Grades go down as time on Facebook goes up

April 14, 2009 at 10:21 pm 1 comment

Kids: Hit the school books, and get off Facebook.

Aryn Karpinski is a doctoral candidate at Ohio State University and her research on the relationship between academic achievement and social networking websites is garnering lots of headlines. TechNews World summarizes some of the main findings of Karpinski’s paper, “A Description of Facebook Use and Academic Performance Among Undergraduate and Graduate Students“:

  • Facebook users in Karpinski’s study average grade point averages of 3.0-3.5. Non-Facebook users: 3.5.-4.0.
  • Facebook users averaged 1-5 hours a week studying; non-users, 11-15 hours per week.
  • Seventy-nine percent of those who said they used the social networking site said it did not impact their grades or study habits.
  • Eighty-five percent of undergrads in the survey said they had a Facebook page; 52 percent of the graduate students had accounts.
  • The group most likely to use Facebook: Those majoring in science, technology, math, engineering and business.

With any kind of statistical survey that finds its way in the popular press, it is important to remember that correlation does not imply causation.

Kudos to Aryn for her work! (I love seeing graduate students make a name for themselves with their research.)

play, think…
J.R. Atwood


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1 Comment Add your own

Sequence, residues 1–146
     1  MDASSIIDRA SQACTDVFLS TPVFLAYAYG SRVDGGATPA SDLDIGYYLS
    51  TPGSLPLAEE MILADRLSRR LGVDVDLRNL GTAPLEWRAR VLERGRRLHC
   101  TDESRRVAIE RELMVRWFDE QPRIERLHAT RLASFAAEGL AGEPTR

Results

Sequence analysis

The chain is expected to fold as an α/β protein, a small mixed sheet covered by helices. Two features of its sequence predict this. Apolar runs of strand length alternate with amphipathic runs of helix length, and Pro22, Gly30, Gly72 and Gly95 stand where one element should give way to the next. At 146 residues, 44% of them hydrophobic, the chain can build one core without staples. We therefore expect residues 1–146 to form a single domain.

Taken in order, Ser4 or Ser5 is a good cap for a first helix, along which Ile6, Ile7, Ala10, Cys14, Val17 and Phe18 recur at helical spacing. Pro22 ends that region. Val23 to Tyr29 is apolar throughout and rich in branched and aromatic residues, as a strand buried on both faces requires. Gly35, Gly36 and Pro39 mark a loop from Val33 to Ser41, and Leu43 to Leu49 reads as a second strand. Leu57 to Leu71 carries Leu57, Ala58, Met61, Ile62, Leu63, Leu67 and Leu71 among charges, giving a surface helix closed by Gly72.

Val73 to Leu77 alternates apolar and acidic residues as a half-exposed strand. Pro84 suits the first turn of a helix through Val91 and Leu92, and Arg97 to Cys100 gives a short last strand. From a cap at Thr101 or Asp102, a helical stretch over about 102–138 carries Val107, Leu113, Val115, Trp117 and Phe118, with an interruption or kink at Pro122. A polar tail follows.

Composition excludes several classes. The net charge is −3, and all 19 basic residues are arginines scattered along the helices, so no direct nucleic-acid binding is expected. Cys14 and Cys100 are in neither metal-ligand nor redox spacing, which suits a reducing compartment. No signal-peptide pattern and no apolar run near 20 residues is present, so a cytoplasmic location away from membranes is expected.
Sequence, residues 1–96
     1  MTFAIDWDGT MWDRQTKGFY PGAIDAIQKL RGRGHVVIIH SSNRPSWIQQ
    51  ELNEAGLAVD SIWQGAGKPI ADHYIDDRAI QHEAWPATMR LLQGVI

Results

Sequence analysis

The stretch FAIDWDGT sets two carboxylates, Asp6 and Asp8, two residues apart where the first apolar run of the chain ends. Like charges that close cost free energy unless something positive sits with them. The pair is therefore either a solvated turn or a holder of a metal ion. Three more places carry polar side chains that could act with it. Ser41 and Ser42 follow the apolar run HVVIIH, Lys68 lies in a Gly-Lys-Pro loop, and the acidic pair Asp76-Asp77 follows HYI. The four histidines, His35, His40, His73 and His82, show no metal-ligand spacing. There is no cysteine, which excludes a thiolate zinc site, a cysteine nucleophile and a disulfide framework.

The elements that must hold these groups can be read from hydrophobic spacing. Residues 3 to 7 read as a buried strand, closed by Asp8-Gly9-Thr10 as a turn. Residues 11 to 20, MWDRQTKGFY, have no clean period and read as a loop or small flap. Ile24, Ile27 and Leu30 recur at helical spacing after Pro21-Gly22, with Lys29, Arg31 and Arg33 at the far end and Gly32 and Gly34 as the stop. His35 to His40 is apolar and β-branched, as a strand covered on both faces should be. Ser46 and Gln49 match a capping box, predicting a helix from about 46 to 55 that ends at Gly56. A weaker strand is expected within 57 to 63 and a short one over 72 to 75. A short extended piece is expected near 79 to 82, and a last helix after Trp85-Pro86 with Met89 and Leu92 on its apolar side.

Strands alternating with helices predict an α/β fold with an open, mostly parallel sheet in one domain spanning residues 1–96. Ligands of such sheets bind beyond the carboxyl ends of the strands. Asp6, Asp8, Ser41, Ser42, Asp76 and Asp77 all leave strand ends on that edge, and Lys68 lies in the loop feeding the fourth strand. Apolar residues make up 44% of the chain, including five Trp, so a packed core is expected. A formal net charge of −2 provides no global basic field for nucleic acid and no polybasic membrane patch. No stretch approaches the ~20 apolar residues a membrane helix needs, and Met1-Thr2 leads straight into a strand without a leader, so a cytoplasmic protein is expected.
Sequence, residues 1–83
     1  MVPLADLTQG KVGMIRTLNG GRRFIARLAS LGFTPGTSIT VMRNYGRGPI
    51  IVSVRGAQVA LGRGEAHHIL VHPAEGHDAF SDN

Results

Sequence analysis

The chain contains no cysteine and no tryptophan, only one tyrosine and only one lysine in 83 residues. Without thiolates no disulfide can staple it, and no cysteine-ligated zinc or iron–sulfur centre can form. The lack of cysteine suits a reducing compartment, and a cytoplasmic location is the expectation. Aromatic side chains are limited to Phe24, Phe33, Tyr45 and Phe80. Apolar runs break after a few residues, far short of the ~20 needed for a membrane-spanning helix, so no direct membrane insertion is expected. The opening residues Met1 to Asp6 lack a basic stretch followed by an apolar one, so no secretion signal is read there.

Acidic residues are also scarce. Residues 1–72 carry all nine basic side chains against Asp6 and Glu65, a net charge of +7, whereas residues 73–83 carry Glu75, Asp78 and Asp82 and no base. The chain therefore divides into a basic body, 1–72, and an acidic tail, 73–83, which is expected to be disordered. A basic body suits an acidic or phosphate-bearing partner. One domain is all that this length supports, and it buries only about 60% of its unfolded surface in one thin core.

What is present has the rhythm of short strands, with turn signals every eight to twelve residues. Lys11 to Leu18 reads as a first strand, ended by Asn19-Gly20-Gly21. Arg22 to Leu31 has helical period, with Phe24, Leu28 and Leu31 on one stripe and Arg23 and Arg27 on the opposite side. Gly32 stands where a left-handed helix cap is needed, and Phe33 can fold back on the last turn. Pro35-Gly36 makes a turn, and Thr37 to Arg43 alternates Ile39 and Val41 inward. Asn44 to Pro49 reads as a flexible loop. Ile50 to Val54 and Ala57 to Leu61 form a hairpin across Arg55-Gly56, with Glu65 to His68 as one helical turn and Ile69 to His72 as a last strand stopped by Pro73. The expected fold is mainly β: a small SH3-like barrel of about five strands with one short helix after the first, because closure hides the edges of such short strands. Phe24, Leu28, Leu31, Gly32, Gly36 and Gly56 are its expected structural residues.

• 1. Sherman Quan  |  April 14, 2009 at 11:08 pm

    This study has definitely captured the attention of many people. However, I’m curious where the money to conduct this study came from and whether it could have been used to actually make a difference on this topic? I don’t think it takes a rocket scientist (or PhD student in this case) to make the correlation that those who are more “social” and so use tools like Facebook or MySpace get lower grades than those who are not as social and spend the majority of their time studying. In my opinion, this research could have made an impact by perhaps looking at how we could utilize tools such as Facebook to make learning more interactive and actually improve student grades. But I guess that may not have been as interesting a story…

    This is a common problem at many Universities where research answers a defined question but the research doesn’t actually improve anything. Going a step further, does the research lead to work that will create jobs for people during this time of economic downturn?

    Okay, we used surveys to determine we MIGHT have a relationship between Facebook use and lower grades. Now what?


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Jason R. Atwood

I'm an avid trail runner and doctoral student at U.C. Berkeley who studies motivation and the relationship between the mind and body. This blog is a forum to share research, news, and musings about these topics of interest. More

Play is the beginning of knowledge.

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